Strada Education Network recently released the results of its Strada Student Viewpoint survey, which collected more than 4,000 responses from students at four-year education institutions across the country. The most unexpected finding of the survey was that 44% percent of students chose problems such as stress, anxiety, and loneliness as their biggest challenge this fall, rating their emotional wellbeing as far more of a concern than traditional barriers such as cost, academics, and digital access.
Consequently, 13% of these students say the effects of COVID-19 will delay their plans for graduation, putting their ability to finish degrees in jeopardy and leaving career paths in doubt during one of the most difficult economic downturns in modern memory.
The events of 2020 have shown that, in addition to helping students overcome traditional barriers to education, educators and institutions must also find ways to help them manage the emotional toll of uncertainty and unrest.
In 2018, WGU implemented a new student support system called the Environmental Barriers Program (EVB). The purpose of the program is to track potentially harmful events such as natural disasters and then have program mentors work with impacted students to mitigate any negative effects. The EVB team faced its biggest event to date with the onset of the COVID-19 pandemic earlier this year.
The EVB team was already structured to respond to local disasters, and when the pandemic hit, they scaled their efforts to the entire student body, assessing impacts and developing mitigation plans. As of June, the EVB team found that 74% of WGU’s online students—more than 93,000—had been impacted by the pandemic in some way. Three students had experienced loss of life or home, 631 students had been displaced from their housing, and another 92,527 had been directly impacted by COVID-19 in other ways (educational field placements cancelled, testing and internet access barriers, tuition and financial concerns, personal impacts such as loss of wages or jobs, family and job stress, illness, loss of loved ones, etc.).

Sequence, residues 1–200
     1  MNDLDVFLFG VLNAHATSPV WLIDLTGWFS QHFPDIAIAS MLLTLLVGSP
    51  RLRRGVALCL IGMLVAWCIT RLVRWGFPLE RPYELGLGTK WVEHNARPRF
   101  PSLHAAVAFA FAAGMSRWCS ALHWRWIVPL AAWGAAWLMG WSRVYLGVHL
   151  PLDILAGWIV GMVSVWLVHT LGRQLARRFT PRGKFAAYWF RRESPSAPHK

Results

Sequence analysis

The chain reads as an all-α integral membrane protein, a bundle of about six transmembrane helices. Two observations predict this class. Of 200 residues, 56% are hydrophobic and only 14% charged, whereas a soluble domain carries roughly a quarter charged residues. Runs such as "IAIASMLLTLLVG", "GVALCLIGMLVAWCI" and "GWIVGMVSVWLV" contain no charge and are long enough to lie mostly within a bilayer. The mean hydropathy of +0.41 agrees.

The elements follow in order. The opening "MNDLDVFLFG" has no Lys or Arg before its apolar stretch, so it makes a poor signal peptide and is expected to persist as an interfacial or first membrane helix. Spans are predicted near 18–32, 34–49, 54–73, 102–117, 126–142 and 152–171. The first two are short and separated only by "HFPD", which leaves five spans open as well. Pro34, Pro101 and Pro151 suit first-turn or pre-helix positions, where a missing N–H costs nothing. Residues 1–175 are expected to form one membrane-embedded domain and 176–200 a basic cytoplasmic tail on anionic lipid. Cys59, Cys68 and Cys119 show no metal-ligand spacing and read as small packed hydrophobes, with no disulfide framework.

Data from the past seven months show that students who received contact from mentors and other interventions as part of the EVB program were 14% more likely to continue their studies than those who did not receive any type of intervention. (For more information on EVB and its response to COVID-19, refer to WGU’s Academic Engagement page for access to a free webinar entitled “Creating a Community of Care.”)
However, the EVB program’s success depends on several other student support systems which WGU had implemented well before the arrival of COVID-19.
Program Mentors. Each student is assigned a program mentor when they begin their studies at WGU. Mentors are experts in their field who help students with instruction, guidance, and support from enrollment to graduation. This year, program mentors have also been asked to assess students’ overall wellbeing and record their findings in EVB records. This one-on-one contact has proven essential in making sure students receive the support they need.
Financial Aid. At the beginning of the pandemic, WGU set aside $10 million for emergency student aid in addition to its regular financial aid and scholarship programs. Funds were used to provide emergency scholarships and non-tuition aid for necessary expenses such as rent and groceries.
Flexibility. As students dealt with obstacles such as job loss or overtime, increased family demands, and the cancellation of testing and/or planned educational placements, WGU faculty adopted a more flexible approach to academic progress. Students who needed it were allowed more time to complete their studies and given alternative testing options, among other solutions. This flexibility proved to be crucial to retaining students and helping them progress toward their degrees.
Our students face unimaginable pressure in their careers, academic pursuits, and personal lives. WGU has used the EVB program to help students maintain progress toward a degree while balancing the needs of their families and employers.
It’s imperative that higher ed institutions look beyond finances and academics to consider the personal wellbeing of the students we serve. Changing course is difficult but it can be done, and the success of our students, their families, their employers, and the economy depend on our willingness to make it happen.